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Wittgenstein’s intermediate period: grammar, verification, infinity, inductive proof, and set theory

Tomany, H. (2021) Wittgenstein’s intermediate period: grammar, verification, infinity, inductive proof, and set theory. PhD thesis, University of Reading

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To link to this item DOI: 10.48683/1926.00099850

Abstract/Summary

There is a gap in explaining the interrelationships between Wittgenstein’s philosophy of mathematics and the other areas of his thought in the intermediate period. With special attention paid to Wittgenstein’s philosophy of mathematics, this thesis is meant as a first step in outlining some of these important interconnections. Chapter 1 sets the stage by presenting Wittgenstein’s views in the philosophy of mathematics in the Tractatus, with a focus on his analysis of infinity. Chapter 2 outlines the principal aspects of Wittgenstein’s philosophy of mathematics, and the phenomenological language and its demise. Against the background of the Tractatus, the phenomenological language, and Wittgenstein’s relationship with the Vienna Circle, Chapter 3 reconstructs the development of the verification principle, before examining the extensive application he makes of it to the philosophy of mathematics. Chapter 4 examines Wittgenstein’s analyses of infinity, with special attention given to how his evolving views either contain the seeds of later insights or exemplify more general aspects of his philosophy. In Chapters 5 and 6, the results of the previous chapter are considered in relation to two important topics in Wittgenstein’s thought: inductive proof and set theory, respectively. The discussion of Wittgenstein’s views on inductive proof culminates in outlining how they influenced his philosophy of mathematics and philosophy generally. The examination of Wittgenstein’s views on set theory concludes with a re-evaluation of an important debate within Wittgenstein studies on the extent of Wittgenstein’s criticisms of set theory. The conflict arises as the result of an unduly narrow focus on (seemingly) contradictory elements of Wittgenstein’s philosophy of mathematics, but disappears with a comprehensive understanding of Wittgenstein’s mature philosophy of mathematics.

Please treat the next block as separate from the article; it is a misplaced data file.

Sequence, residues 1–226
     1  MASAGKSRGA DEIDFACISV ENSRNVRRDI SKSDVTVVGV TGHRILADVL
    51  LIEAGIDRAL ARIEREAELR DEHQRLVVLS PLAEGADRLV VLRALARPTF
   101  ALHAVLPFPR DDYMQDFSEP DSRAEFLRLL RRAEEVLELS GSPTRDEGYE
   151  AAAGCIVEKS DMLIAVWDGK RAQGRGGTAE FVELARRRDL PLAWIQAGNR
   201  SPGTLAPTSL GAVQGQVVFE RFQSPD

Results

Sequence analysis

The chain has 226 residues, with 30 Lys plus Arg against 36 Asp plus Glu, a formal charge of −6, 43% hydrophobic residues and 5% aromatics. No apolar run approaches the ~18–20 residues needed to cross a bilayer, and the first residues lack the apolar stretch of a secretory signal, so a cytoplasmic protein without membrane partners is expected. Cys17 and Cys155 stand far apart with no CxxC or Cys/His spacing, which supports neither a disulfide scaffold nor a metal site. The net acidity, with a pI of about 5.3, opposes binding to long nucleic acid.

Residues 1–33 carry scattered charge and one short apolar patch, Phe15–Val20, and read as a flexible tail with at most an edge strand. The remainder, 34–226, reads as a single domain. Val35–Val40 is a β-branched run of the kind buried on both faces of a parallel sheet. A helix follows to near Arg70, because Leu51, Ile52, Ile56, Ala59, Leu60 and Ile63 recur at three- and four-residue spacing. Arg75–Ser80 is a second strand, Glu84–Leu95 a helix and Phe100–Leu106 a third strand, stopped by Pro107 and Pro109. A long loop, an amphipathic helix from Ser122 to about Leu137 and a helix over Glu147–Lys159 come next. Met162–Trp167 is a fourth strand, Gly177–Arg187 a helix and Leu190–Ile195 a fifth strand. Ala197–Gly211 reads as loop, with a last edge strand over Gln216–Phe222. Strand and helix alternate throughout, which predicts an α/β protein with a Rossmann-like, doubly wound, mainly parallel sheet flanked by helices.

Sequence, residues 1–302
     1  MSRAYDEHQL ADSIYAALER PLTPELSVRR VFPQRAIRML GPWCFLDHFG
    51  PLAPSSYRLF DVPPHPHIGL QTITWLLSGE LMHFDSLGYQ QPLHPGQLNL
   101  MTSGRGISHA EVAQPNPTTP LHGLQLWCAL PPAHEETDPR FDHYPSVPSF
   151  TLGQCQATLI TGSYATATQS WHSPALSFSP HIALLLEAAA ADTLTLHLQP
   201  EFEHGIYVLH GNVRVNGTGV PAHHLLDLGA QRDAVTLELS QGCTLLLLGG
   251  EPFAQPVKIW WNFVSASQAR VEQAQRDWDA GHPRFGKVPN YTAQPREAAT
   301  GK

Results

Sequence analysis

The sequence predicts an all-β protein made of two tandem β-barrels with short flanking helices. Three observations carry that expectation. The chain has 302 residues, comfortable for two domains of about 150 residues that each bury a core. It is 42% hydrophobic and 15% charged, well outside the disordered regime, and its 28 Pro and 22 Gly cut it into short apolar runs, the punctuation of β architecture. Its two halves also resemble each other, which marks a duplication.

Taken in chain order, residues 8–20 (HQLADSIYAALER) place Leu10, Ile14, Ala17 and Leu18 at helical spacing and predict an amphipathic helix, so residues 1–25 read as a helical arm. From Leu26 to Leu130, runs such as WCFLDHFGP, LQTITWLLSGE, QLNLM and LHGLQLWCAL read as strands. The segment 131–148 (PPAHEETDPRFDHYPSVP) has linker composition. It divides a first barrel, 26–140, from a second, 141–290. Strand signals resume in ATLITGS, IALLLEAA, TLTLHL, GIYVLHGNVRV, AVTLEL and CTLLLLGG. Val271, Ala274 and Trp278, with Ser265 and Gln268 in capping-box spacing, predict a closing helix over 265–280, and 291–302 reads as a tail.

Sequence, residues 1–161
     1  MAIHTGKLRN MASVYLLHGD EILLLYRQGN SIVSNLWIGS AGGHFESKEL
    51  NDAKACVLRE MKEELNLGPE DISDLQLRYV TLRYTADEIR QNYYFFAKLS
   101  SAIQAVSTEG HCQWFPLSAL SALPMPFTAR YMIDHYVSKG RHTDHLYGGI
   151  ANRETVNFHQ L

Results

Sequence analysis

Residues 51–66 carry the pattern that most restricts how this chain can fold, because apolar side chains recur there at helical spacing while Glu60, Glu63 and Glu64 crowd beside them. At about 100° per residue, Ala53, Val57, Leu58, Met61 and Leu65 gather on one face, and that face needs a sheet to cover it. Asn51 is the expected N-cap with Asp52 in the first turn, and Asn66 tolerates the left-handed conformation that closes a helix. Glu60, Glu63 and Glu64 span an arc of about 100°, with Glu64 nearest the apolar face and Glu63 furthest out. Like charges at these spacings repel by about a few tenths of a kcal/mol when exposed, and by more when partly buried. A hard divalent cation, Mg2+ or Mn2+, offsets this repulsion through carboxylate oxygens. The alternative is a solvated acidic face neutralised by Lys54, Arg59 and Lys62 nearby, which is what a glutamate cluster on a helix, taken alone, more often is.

Item Type:Thesis (PhD)
Thesis Supervisor:Schroeder, S. and Preston, J.
Thesis/Report Department:Department of Philosophy
Identification Number/DOI:https://doi.org/10.48683/1926.00099850
Divisions:Arts, Humanities and Social Science > School of Humanities > Philosophy
ID Code:99850
Date on Title Page:September 2020

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